Paul McAuley


A short story originally published in Nature.

We certainly don't call any of our clients 'The Meat', or 'Pork Chop #1'. That's just tabloid nonsense. And while we're skewering misconceptions, the job isn't as glamourous as you might think. Although I get to go to club and restaurant openings, film premieres, first nights, fashion shows, and stay in first class hotels all around the world, I'm not there to enjoymyself. I'm there to prevent any live cells from my clients' bodies falling into the hands of meatleggers.

Sweep, security and clean-up: that's what the job is about. First, my team sweeps the place before the client arrives, everything from running background checks on staff to inspecting the restrooms. Restrooms are where the clients are most vulnerable, of course. We run fibreoptic cameras down the pipework, looking for traps and filters; we check for microscopic rasps designed to trap a few skin cells by fogging the place with an aerosol of tailored bacteria and using ultraviolet light to spot any unusual clumping. We inspect seating, too, tableware at restaurants, glasses at bars, cocktail napkins . . . We have detailed checklists for every type of venue.

After the client arrives, we run an extra layer of security. No known meatlegger gets within a hundred yards of any of my perimeters, but they'll bribe staff or plant some innocent-looking old lady in the crowd, and it's not unknown for some minor celebrity in need of quick cash to try to snag a few cells from an A-lister. I have a database of known stooges and my people keep a lookout for abnormal behaviour, I can't tell you any more than that. Afterwards, there's the clean-up, which is the most routine and the most important part of the job, and which I always supervise personally. Some cleaners ride shotgun on their clients on the way back from an event, but I like to make sure that the venue is sterilised more throughly than any operating theatre. The bodyguards can look after the client in transit, and besides, once they're in their limo, my clients are protected by a Class Four biohazard containment environment. Not even a virus can get in or out.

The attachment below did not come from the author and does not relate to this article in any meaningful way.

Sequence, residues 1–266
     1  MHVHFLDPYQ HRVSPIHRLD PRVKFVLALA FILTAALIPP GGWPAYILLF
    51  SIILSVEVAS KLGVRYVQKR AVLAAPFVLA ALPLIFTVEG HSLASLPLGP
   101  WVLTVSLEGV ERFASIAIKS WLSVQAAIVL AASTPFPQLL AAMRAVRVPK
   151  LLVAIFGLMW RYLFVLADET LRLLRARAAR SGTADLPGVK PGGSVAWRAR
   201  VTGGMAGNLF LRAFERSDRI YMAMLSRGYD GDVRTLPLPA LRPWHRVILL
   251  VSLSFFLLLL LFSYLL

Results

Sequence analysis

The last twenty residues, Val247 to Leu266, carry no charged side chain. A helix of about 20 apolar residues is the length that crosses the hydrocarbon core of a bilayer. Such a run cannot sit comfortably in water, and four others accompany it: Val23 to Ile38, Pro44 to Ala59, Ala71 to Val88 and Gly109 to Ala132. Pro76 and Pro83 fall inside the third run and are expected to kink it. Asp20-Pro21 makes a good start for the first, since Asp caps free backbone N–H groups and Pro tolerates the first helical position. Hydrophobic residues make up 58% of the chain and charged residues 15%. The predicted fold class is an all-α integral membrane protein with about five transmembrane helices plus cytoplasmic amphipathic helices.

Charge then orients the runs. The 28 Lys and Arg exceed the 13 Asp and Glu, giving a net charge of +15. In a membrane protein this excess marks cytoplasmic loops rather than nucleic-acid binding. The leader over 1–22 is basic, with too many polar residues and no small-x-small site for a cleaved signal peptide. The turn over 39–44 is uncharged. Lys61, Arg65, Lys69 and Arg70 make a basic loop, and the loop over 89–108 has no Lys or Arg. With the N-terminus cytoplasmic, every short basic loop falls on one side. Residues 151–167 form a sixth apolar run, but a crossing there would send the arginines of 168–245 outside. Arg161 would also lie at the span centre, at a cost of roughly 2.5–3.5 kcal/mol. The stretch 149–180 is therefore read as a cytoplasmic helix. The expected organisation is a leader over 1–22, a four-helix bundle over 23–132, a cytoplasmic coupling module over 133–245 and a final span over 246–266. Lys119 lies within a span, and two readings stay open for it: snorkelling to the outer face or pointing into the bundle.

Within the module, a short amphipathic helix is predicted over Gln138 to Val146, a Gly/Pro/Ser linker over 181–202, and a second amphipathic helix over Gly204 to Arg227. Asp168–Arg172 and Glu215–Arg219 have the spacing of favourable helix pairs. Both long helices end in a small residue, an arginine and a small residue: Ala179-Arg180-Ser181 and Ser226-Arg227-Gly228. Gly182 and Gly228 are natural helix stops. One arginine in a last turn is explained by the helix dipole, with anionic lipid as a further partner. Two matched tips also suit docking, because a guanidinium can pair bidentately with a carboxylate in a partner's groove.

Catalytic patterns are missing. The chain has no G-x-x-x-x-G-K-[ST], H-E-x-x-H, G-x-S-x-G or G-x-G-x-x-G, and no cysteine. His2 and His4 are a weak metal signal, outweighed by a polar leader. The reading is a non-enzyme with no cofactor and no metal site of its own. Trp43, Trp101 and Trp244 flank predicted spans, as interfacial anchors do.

Hotels? That's a whole book right there. Any place a client of mine would use has its own cleaning protocol, but I like to think I add my special magic to the mix.

Like a lot of cleaners, I started out in public health, running DNA analyses in a forensic laboratory. That was ten years ago, when the meat trade was at its height. We were processing ten thousand samples a day. Most were fakes. 'Princess Di' for instance, was originally a basal cell cancer excised from a fifty-eight-year-old Albanian woman, but it didn't stop the meatleggers moving twenty tonnes of product. Then fans started doing their own DNA analyses, and growing their own supplies. Once someone has started a cloned cell line, anyone with an incubator, access to a few common biochemicals, and basic knowledge about cell culture can keep it going indefinitely. By the time I joined one of the vat-busting teams, most of the meat we were chasing was one hundred per cent genuine cloned celebrity. As soon as anyone managed to get a viable scrap of tissue, that was it. The meat was out there. The only way to stop it was to bust the places where it was grown.

Dangerous? Not really. The meat trade is too specialised to interest professional criminals, although quite a few are customers; one crime boss likes to serve the meat of his enemies with his special sauce. Politicians and businesspeople also enjoy revenge feasts, but the fans are the backbone of the trade. These days, you aren't a hardcore tru-fan unless you've partaken of the flesh of your hero. It's the ultimate form of possession, and I don't suppose I need to point out the parallels with Christian communion. No, that's just an urban myth lifted from some cheesy bestseller. In order to clone tissue, you need to start with live cells, or at least a live nucleus, and after two thousand years . . . exactly. Cloned babies? Another myth. It's very difficult to turn a somatic cell into an embryo, and even harder to bring it to term. Far easier to grow sheets of epidermis or muscle. I guess the oddest case I dealt with was the meatlegger who cloned himself. All he ate was his own meat. I guess you could say he was really into self-sufficiency.

I don't think the meat trade is going to die out any time soon. Most clone lines have been wiped out, and people like me do their best to make sure that the meatleggers have a hard time getting fresh ones started, but now there's this new thing. These nanotech makers. Pretty soon the meatleggers won't need live cells, just a DNA sequence, and I've heard that these makers can build an entire body from scratch . . . As long as people find keep finding twisted uses for new technology, there'll always be a need for people like me, cleaning up after them.

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If  you liked this story, you may like my collection A Very British History.